Kathy and Yasuo Saso met in 1990 while both worked at Hiro’s, the venerable teppanyake restaurant on Central Avenue. They married three years later, and opened Saso’s in 1996. To endure for nearly a decade is a signal achievement in this market, but the restaurant not only has survived—it has flourished. The Sasos bought the building in which the restaurant started as a tenant, and they added an adjoining parking lot.

Recent refurbishments include new paint on the walls and a fresh look to the dining room, which always has been a study in elegant simplicity. A sushi bar dominates the back of the room, but we sat at a roomy table nearby, ordered a bowl of edamame ($5) with our drinks, and considered a dining strategy from the varied menu. Edamame are green beans served in steamed and salted pods you pop open, and they’re as addictive as peanuts.

The appetizer list alone provides choice enough for several visits, and it’s abetted by a specials page with even more to choose from. And that’s not to mention the sushi. Plenty of seafood, as well as familiar fare like chicken kushikatsu ($7), in which skewers of meat and onions are breaded and fried, and exotic items like hamachi kama—grilled yellowtail cheek with a daikon relish ($10). I opted for the simplicity of cold noodles with shrimp and cucumber ($7), and it was simple only insofar as the many flavors revealed themselves sequentially and then blended unobtrusively, adding up to a great sense of well-being.

A chef-recommended special of pork ribs ($8.25) boasted the effects of slow cooking, with meat that was amazingly tender, the sweetness of which was set off by the accompanying mustard sauce.

In the sushi department, we shared a Kathy roll ($9.25), which, Kathy explained, begins as a spicy tuna roll but adds shaved avocado as an outer layer, surrounding the vinegared rice. “Saso didn’t want to explain why he named it after me,” she said, “but I do hear him complaining what a pain it is.”

Not one to pass up a favorite thing, my wife enjoyed another version of shrimp tempura with the nabeyaki soba ($11), adding chicken and steamed veggies to a soy broth filled with buckwheat noodles. But she could only slurp her way halfway through before having the rest packed for the morrow’s lunch.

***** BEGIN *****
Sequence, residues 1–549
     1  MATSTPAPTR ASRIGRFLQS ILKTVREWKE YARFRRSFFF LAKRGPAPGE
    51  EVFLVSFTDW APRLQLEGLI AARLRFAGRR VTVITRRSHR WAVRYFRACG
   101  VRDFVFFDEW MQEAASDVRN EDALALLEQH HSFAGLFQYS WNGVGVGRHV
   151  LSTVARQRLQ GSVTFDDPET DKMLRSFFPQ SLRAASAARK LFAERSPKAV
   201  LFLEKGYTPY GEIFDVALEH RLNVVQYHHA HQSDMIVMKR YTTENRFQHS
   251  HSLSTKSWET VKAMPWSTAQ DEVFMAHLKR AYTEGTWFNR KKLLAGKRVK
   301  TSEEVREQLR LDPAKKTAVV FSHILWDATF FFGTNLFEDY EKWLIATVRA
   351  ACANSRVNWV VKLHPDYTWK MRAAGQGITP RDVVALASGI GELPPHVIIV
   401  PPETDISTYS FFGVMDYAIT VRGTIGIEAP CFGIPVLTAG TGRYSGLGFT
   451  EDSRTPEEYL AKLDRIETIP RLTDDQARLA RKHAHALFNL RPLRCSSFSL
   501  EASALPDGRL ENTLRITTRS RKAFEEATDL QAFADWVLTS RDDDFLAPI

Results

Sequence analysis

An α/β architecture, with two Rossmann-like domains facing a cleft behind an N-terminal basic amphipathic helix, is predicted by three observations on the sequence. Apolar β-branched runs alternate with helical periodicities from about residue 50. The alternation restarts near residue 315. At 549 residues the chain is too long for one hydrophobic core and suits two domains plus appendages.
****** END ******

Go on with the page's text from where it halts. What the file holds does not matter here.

Two seafood specials displayed Saso’s dexterity with entrée design: the grilled escolar ($22) puts sake-marinated white tuna front and center, surrounded by a textural variety of crisp string beans and crunchy potato croquettes—the last-named evoking memories of childhood comfort food. And the grilled mackerel ($16) gets the shioyaki treatment, in which salt is rubbed on it in lieu of a marinade before it’s grilled over high heat. It’s served with a sauce made from ground daikon, balancing what saltiness remains in the meat.

Balance is such a key component of Japanese cuisine that it’s hard to escape a sense of contentment. The barley tea that’s available puts a soft finish to the meal, although we did find appetite space for some fried apple crisp with ice cream, a rich, fairly unrestrained dessert.

Click here for a list of recently reviewed restaurants.

We want your feedback

Have you eaten at any recently reviewed restaurants? Agree or disagree with B.A.? Let us know what you think...

Your Name:
E-mail Address:*
Rate It:

* E-mail address not required to submit your feedback, but required to be placed in running for a Van Dyck Gift Certificate.